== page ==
For more than twenty years, Laurent Millet has channeled his innate curiosity to create photographs that question the way objects appear within space and time. Citing R. Buckminster Fuller and Denis Diderot among his influences, Millet creates an artistic vocabulary through metal wire, vineyard posts and barrel hoops – objects prevalent in the coastal town of France in which he resides. His 1997 series, Petites Machines Littorales, addressed his surroundings, as he transformed the sea into a place for scientific experimentation, creating contraptions that suggest a way to measure water or listen to fish. These “machines” invite curiosity and questions, much like a child experimenting in a science lab. In his 2000 series Les Cabanes, Millet continues to build structures in the water, yet this time they appear to be bridges, ladders, architectural pieces and fences, suggesting a relationship between water and sky. The 2002 series, La Chasse, features objects that could be used to trap, to capture that which is hard to contain.And finally, in the 2014/15 series, Somnium, the artist photographed himself with geometric objects, polyhedra, that he fabricated. These images seem paranormal yet familiar, as the artist engages with objects hovering in the air, recording his encounter.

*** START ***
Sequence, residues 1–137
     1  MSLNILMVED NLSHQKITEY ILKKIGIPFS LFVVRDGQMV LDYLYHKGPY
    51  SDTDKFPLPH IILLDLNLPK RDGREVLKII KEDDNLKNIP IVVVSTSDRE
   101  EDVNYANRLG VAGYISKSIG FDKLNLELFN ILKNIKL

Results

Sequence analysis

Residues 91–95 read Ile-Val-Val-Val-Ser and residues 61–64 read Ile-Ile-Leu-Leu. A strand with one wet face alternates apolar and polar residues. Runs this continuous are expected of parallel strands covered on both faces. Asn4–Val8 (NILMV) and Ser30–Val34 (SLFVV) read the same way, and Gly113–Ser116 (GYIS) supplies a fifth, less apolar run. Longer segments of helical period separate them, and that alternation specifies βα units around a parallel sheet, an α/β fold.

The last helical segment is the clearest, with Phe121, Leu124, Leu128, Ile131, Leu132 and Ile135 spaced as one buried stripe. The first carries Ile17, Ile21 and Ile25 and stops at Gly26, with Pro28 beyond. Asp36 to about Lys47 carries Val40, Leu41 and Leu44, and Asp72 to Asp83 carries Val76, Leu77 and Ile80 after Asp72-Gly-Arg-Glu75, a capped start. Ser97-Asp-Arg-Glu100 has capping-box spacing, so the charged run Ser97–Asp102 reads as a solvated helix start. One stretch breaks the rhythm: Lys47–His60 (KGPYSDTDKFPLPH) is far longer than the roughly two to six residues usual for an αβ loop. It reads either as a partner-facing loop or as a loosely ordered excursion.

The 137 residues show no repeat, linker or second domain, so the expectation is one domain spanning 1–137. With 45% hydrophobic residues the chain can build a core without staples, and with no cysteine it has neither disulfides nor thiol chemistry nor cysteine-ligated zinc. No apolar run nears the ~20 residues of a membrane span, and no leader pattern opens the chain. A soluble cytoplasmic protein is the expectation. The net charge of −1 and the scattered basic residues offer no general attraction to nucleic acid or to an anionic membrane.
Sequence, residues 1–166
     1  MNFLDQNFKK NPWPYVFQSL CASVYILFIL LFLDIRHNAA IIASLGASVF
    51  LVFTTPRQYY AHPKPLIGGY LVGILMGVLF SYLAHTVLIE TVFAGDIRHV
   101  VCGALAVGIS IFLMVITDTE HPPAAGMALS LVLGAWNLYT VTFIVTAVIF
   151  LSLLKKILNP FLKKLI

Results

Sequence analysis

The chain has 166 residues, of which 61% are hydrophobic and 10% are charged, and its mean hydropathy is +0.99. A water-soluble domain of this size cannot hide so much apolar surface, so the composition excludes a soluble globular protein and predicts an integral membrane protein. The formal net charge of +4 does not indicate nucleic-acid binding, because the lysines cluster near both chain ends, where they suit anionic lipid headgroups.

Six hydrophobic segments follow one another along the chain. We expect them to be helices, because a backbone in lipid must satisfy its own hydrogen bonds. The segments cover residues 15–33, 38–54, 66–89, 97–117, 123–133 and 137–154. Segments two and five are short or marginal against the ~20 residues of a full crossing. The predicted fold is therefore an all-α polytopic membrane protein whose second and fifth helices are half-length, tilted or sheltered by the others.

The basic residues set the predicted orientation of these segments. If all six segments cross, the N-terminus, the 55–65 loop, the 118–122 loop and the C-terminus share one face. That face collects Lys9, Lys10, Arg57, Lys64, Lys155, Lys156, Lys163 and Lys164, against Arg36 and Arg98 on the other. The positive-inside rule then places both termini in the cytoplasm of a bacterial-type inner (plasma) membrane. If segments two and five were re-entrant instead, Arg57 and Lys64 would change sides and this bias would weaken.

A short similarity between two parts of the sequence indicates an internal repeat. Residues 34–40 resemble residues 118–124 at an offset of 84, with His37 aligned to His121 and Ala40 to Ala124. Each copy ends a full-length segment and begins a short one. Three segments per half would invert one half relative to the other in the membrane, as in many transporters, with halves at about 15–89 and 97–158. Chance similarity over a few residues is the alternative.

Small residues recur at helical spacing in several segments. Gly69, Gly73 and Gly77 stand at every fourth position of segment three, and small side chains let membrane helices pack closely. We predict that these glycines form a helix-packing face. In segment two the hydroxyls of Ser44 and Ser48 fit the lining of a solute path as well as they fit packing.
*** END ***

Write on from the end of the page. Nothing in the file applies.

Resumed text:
His work can be seen in numerous publications including his 2014 book, Les Enfantillages Pittoresques (Filigranes Editions) and in major museum collections, including The Art Institute of Chicago, Maison Européenne de la Photographie (Paris), San Francisco Museum of Modern Art, Los Angeles County Museum of Art, and Fonds National d'art Contemporain (Paris), among others.